Hiking Etiquette On and Off the Trail - Wild In Nature ','

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Hiking & Walking

Hiking Etiquette On and Off the Trail

As someone who hikes fairly frequently, I have noticed a marked increase in trail use over the last 10 years. Like all activities involving the human race, more people can sometimes equal more rudeness, carelessness and frustration, most of which can be virtually eliminated by adhering to a few (mostly) unspoken rules.

For instance, who has the right of way on a trail?

The hierarchy so to speak goes like this:

  • Bikers yield to hikers. That being said, I have often stepped out of the way of a stream of bikers furiously peddling along the path-it’s just easier.
  • Hikers yield to horses- although that is something I have yet to see a horse on a  trail in Nova Scotia.

Hiking Etiquette When hiking with others:

Hiking Etiquette Hiking with Others

  • Like bikers, hikers are supposed to travel single file. If it’s a wide trail,hikers can  ignore this.
  • Keep to the right side of the trail when you are being passed, and step to the left of someone you intend to pass. A little warning is nice-something such ” Hi, passing on your left”  in case someone is deep in thought. You don’t want to scare some out of their skin.
  • When  descending a hill, any oncoming uphill hikers have the right of way. If the uphill hiker is me, I may step out of the way just to have an excuse for a breather.
  • Let faster hikers pass. And pass slower hikers. Pass me pleeeaasse.I am going this pace to enjoy my surroundings. Everyone should be able to go at the pace they best prefer.
  • Quiet is better. Many use hiking in nature as a way to escape the maddening crowd and all it’s hubbub.
  • Although it may be tempting to leave your mark, many parks discourage rock stacking. Keeping the trail ‘footprint’ natural includes staying on the trail, refraining from picking flowers,  making sure to pack out garbage and  not changing the landscape in any artificial way.
  • When taking pictures or a break, move off the trail when other hikers are coming.
  • Speaking of others, it’s common courtesy to at least  nod hello when meeting others along the trail. In saying that though, don’t hold hikers hostage with lengthy conversations unless it’s something both parties seem to be enjoying.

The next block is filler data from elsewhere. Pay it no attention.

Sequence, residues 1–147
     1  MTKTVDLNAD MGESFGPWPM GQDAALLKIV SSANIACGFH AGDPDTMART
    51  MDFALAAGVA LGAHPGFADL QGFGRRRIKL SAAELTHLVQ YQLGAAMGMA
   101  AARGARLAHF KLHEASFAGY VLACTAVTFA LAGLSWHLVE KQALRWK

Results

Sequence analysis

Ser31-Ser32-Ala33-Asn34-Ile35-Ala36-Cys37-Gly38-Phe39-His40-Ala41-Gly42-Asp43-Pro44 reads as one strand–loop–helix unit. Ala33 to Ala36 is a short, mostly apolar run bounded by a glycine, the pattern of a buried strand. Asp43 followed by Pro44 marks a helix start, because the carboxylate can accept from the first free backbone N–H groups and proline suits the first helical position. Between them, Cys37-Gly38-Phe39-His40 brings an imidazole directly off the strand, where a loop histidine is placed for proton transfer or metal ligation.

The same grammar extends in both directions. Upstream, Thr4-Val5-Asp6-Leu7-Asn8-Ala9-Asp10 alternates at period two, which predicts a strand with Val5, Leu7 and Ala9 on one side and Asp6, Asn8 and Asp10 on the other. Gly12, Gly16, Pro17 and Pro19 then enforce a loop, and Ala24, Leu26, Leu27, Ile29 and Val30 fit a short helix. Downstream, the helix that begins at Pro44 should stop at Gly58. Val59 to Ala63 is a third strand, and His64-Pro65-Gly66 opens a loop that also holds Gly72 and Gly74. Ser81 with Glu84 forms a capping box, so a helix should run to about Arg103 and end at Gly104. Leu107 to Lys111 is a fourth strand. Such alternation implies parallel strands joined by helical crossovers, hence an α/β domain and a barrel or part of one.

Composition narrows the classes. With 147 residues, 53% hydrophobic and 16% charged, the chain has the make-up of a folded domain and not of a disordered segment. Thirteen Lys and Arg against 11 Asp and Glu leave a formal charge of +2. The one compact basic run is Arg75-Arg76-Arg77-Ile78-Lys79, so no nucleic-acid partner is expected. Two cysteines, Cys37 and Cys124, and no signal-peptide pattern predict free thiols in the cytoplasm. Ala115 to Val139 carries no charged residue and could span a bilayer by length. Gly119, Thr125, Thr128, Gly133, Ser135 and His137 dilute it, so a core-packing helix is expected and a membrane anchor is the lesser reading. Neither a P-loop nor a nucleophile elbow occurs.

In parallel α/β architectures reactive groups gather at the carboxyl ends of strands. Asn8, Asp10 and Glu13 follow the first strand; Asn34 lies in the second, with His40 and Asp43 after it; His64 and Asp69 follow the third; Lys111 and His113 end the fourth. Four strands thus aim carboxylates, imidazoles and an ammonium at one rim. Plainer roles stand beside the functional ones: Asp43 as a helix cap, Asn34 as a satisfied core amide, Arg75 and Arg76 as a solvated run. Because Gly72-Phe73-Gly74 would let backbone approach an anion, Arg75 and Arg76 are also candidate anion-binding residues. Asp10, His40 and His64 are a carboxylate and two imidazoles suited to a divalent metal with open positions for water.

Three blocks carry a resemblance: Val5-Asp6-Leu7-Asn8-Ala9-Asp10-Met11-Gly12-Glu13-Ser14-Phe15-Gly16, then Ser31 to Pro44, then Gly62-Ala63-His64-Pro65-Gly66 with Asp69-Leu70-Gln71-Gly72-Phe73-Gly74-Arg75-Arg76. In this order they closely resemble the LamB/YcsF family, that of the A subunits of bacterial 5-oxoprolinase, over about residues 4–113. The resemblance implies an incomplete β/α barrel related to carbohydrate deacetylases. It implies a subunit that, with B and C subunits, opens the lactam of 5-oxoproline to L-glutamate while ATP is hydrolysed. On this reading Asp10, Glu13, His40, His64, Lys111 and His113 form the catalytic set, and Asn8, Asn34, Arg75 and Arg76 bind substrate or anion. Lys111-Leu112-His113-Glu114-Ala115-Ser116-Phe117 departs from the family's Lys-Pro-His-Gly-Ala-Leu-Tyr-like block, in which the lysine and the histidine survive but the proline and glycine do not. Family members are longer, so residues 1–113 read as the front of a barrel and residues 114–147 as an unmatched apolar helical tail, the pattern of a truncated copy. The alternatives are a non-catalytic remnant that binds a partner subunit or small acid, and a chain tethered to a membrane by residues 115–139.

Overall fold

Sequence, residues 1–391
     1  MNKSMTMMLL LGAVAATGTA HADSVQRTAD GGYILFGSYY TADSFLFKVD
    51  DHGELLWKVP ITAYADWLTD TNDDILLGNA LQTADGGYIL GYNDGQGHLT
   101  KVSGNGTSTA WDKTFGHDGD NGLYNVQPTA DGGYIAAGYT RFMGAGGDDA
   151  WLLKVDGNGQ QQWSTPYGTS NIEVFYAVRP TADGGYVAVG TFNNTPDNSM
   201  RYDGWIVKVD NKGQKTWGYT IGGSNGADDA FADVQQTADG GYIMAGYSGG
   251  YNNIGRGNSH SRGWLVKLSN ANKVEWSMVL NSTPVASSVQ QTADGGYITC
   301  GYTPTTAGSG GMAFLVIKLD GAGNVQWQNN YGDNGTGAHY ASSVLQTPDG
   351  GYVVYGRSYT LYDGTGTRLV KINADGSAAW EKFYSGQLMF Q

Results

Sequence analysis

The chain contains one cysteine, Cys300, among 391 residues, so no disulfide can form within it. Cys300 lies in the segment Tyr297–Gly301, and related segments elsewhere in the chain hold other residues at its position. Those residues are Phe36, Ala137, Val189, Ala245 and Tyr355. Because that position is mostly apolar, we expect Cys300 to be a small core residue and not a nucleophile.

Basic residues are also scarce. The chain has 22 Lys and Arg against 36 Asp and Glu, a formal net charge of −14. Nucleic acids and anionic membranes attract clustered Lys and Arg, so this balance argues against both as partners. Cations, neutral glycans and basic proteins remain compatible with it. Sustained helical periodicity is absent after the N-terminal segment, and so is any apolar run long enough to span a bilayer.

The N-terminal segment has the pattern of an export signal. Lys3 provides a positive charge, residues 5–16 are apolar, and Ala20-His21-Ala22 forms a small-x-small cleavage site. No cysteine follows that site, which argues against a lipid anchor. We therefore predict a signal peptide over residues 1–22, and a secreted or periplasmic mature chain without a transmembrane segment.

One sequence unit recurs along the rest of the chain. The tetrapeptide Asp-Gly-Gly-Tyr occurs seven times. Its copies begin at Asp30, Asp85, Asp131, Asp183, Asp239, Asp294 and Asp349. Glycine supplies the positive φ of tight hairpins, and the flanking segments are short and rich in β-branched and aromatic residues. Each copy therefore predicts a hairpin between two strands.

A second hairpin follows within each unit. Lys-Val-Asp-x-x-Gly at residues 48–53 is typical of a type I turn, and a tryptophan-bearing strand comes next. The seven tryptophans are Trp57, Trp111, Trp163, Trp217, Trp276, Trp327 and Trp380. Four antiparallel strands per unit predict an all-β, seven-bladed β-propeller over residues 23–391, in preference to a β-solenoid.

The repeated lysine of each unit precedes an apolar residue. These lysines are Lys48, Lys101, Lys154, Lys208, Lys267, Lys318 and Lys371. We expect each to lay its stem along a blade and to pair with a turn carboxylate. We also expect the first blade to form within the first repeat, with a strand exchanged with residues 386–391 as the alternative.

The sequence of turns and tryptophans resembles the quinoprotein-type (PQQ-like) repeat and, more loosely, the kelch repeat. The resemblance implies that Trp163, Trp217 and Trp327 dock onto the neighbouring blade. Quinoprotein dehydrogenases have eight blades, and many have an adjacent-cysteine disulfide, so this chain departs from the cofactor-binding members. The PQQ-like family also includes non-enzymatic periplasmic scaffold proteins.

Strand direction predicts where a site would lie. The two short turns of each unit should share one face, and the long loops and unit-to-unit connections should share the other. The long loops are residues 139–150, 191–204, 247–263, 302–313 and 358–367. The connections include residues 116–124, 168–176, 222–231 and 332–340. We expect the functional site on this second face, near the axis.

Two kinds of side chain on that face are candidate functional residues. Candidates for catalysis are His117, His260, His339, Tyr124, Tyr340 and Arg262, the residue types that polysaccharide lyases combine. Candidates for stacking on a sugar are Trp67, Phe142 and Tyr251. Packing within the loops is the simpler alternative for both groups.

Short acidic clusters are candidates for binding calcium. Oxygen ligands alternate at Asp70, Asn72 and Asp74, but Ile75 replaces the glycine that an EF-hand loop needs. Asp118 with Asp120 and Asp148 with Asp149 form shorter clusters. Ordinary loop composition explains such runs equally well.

Hiking Etiquette When Hiking with Pets

Hiking Etiquette Hiking with Pets
Hiking Etiquette Hiking with Pets
  • I am all for  letting my dog run off leash, but in many areas it’s not permitted.  Some people afraid of dogs, often with good reason.Sometimes other dogs are afraid of dogs, or are aggressive towards other dogs. Keep your pet and others safe. Check the rules-there are usually signs at the trail head.
  • Please clean up after your pet. Yes, it’s gross to carry a bag of doggie doo with you but how much more is it to have your beautiful hike spoiled with unsightly heaps of you-know-what. Just do it.
  • If you are lucky enough to be in an area that allows your pet to be off leash or if you are hiking with a group that allows dogs off -leash, please make sure they are under your control. The dogs, not the group.

And remember:

  • Pack out your garbage. Please don’t spoil my hike with your coffee cups and I won’t spoil yours. Ok?
  • Stay on the path. No sense squashing more flowers and grass than necessary and that’s what happens when we wander off path-or walk 3 or 4 abreast.
  • Let someone know where you are going and hiking alone is usually not a great idea. People worry, you know?
  • Be prepared. Here’s a list of the minimum gear you should carry on a day hike.
  • Above all enjoy your time in nature

Of all the paths you take in life, make sure a few of them are dirt.

John Muir

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